How do you know what races to pick? You want to wager when you find the right price and the right value. That means finding the right animal at the cheapest price and best odds, on a track where they're likely to win. The next piece of strategic advice will help you get to a place where you know when those two things are in place.
Handicapping is the art (some would say the science) of comparing horses who are competing against each other in a race. Horse racing is a beautiful game because it provides so many ways to win. Some bettors handicap based entirely on speed, while others concentrate on pace, or the time between hoof beats. Spend enough time at the track and you'll come across all sorts of interesting, esoteric rating and handicapping systems created by bettors. All of these methodologies have their ups and downs. No one has yet "figured out" horse racing, the way they've figured out blackjack and chess. There's no right or wrong way – so long as you're using some sort of method.
The easy answer is to buy a piece of software to help you handicap horses, or to read a few books and then use the method you just read all about. The problem with this method is that it often leads to frustration. So many people read these things and use these tools thinking it will lead to instant wins, and that's just impossible. The reason we recommend handicapping, even though it isn't really a science? Handicapping forces you to read, it forces you to enter the world of horse race betting and spend a little time there, and that will always make you a better gambler. The art of handicapping is a combination of data-gathering, data-sorting, and application. It takes repetition and a boatload of patience, neither of which newcomers to horse race betting have in any quantity. So don't expect to get it right on your very first betting trip.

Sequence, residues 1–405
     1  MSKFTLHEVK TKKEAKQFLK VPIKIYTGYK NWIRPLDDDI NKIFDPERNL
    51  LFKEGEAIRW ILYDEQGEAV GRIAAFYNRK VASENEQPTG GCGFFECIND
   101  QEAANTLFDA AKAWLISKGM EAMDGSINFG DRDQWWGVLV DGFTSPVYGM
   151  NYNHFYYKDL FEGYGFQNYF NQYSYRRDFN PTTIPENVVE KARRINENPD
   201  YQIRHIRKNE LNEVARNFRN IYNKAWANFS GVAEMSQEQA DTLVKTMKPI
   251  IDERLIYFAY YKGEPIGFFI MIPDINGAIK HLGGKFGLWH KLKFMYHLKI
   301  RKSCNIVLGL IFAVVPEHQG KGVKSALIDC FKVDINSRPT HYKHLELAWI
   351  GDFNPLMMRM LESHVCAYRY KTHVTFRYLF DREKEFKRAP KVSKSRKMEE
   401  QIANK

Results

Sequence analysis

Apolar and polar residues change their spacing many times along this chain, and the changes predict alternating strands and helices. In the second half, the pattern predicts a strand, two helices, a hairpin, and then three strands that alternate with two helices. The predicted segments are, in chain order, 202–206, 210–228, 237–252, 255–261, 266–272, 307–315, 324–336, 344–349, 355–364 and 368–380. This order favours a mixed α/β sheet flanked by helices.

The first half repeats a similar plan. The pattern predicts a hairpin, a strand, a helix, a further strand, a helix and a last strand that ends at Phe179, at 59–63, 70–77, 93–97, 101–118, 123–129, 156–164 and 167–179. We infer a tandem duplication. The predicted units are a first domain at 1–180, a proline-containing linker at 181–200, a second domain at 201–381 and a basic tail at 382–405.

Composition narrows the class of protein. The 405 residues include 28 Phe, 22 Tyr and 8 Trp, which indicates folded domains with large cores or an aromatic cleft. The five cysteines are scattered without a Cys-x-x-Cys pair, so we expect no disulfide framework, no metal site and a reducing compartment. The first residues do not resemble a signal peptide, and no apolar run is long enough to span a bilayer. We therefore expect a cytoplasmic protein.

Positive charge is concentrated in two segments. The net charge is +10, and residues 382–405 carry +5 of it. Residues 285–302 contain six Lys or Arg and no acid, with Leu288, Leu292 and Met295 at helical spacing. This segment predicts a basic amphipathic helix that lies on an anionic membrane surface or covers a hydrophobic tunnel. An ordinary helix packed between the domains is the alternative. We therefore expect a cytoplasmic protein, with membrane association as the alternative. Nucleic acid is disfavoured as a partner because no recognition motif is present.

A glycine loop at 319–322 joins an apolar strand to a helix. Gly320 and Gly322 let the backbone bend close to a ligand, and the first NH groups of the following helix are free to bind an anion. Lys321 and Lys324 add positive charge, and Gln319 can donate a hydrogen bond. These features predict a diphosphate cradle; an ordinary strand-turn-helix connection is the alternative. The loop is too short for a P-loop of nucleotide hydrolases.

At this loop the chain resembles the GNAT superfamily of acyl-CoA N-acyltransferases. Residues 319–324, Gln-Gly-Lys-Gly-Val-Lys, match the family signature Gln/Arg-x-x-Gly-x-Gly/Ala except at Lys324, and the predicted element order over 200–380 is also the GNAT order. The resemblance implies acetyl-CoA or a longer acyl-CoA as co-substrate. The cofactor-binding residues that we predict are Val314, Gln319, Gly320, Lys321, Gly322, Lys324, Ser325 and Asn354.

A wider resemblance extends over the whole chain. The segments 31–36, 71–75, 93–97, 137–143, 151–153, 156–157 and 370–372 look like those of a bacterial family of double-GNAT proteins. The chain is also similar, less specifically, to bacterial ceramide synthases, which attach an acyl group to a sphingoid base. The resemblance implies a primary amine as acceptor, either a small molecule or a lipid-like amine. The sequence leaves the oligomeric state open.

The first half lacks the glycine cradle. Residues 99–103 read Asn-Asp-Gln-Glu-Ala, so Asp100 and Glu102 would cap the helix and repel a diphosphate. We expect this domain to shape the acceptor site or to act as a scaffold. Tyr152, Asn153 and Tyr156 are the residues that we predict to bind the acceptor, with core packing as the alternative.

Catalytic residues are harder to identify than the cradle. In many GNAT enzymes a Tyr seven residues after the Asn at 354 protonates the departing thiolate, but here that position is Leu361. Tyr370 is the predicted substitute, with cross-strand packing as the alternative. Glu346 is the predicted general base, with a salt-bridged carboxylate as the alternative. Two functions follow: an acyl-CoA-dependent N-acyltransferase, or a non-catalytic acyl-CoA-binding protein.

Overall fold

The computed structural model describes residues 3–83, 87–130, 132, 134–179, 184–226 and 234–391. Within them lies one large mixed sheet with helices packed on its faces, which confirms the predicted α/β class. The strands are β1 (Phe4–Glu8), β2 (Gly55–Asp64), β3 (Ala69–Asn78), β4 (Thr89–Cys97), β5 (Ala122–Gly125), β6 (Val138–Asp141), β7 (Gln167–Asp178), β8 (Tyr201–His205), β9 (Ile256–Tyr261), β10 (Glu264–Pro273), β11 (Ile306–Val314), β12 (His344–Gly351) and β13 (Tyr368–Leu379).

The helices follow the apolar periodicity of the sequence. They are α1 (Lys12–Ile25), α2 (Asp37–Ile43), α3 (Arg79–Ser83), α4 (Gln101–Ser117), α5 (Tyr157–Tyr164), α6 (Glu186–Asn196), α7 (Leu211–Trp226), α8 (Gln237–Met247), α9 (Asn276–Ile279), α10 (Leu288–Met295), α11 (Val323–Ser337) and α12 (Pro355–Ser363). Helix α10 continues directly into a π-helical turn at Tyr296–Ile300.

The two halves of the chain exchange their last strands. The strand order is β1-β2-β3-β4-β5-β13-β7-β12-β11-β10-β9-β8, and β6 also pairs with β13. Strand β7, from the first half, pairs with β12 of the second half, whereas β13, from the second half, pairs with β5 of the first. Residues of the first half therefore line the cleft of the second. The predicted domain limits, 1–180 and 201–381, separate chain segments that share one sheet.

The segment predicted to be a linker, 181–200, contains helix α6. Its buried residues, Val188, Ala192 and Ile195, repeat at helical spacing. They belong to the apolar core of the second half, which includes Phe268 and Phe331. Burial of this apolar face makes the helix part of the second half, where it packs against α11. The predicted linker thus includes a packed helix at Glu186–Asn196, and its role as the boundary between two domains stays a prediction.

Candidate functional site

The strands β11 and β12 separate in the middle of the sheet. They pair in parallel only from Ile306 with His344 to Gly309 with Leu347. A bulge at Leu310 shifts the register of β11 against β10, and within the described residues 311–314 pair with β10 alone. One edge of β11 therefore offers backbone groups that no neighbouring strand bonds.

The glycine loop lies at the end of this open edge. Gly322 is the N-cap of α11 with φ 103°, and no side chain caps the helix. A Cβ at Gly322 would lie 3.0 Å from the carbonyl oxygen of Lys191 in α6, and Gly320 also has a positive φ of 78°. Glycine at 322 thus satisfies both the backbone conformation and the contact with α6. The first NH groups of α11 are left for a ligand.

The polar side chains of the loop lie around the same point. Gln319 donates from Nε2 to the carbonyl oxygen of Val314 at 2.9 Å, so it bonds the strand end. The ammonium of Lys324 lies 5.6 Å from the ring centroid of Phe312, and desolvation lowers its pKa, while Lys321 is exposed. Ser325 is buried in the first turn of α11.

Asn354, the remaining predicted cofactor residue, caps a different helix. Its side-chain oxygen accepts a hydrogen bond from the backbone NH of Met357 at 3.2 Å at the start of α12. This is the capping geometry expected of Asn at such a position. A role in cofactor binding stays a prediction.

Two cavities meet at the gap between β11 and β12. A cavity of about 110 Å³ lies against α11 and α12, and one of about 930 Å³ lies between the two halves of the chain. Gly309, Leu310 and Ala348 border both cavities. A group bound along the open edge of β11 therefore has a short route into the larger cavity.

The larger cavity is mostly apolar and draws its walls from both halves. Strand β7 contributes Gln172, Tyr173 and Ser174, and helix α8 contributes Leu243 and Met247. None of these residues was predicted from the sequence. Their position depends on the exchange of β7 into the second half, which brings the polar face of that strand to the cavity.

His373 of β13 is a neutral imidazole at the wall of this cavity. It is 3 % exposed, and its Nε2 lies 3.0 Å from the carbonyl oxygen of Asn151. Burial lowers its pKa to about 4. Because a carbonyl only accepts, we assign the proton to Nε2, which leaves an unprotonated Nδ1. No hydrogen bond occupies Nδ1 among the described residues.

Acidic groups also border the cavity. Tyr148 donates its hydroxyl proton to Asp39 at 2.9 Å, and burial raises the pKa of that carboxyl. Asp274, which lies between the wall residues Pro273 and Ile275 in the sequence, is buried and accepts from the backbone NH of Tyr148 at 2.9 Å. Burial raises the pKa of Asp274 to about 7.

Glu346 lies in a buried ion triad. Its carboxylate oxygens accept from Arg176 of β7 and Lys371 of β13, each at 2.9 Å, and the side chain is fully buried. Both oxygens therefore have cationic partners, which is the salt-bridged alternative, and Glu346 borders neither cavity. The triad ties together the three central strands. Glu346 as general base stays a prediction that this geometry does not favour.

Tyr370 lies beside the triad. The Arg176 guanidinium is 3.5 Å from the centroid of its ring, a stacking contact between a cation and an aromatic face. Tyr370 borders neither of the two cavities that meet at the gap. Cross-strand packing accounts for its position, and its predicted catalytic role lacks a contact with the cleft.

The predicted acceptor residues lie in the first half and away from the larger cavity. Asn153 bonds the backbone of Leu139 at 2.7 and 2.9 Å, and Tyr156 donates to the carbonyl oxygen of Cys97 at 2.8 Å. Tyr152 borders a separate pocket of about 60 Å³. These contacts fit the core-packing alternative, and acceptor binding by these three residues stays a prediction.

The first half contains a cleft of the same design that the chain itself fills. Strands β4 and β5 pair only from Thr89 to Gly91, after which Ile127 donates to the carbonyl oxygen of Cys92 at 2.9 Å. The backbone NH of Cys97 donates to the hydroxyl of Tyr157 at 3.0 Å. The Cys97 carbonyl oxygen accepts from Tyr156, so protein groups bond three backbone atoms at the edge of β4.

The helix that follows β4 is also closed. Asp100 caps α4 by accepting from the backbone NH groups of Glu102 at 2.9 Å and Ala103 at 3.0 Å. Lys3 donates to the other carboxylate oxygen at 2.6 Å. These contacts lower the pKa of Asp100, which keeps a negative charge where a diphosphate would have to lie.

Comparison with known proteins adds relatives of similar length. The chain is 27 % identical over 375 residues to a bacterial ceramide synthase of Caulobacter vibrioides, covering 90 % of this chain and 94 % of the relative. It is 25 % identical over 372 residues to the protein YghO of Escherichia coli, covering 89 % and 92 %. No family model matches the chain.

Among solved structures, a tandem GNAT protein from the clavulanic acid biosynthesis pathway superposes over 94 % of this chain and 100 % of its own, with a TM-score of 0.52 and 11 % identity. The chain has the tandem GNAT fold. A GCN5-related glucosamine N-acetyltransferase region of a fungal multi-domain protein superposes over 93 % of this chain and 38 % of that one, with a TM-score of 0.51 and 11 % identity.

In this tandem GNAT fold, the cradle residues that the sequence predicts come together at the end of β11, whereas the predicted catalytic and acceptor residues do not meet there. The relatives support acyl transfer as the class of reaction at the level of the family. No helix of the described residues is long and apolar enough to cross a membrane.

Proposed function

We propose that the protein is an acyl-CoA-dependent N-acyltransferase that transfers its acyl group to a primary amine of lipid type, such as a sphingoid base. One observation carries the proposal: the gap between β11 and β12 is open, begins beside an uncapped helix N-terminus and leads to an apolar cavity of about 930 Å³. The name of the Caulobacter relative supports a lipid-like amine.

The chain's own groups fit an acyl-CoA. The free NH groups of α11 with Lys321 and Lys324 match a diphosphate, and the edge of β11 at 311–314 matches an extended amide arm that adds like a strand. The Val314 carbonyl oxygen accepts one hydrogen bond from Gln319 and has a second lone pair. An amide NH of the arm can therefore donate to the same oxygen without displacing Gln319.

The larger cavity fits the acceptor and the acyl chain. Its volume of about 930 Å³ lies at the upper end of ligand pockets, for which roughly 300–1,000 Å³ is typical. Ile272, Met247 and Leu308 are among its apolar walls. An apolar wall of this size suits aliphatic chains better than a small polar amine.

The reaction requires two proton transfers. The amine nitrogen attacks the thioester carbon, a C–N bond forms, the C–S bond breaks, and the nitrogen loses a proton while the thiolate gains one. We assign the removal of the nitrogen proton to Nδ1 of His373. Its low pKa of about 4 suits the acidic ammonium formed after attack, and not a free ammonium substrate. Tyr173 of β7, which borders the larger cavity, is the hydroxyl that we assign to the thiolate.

Start your new handicapping habit by simply taking note ahead of time of the speed ratings of various horses. Then take note of how those horses finished, and compare it to the speed ratings. Do this for a few more statistics, keeping track of your work the whole time. You may find a trend that you can exploit, either for a particular animal, a particular track style, or a particular event.
Record keeping is just as important to success betting on horses as handicapping, knowing the lingo, or any other single feature. If you plan on betting as anything more than a passing hobby, you'll want to keep track of wins, losses, expenses, and a few other features. If you don't keep these records, you'll never be able to evaluate your handicapping or your past betting performance, and you'll never know if you're making progress or regressing. That will make it difficult for you to know when you're having a problem, and difficult to diagnose and treat that problem. By keeping records, you may discover a hidden strength, finding out that you're great at picking juvenile winners but weak in maiden races or graded stakes. This will help you focus on your positives, avoid the things you're bad at, and raise your winning percentage.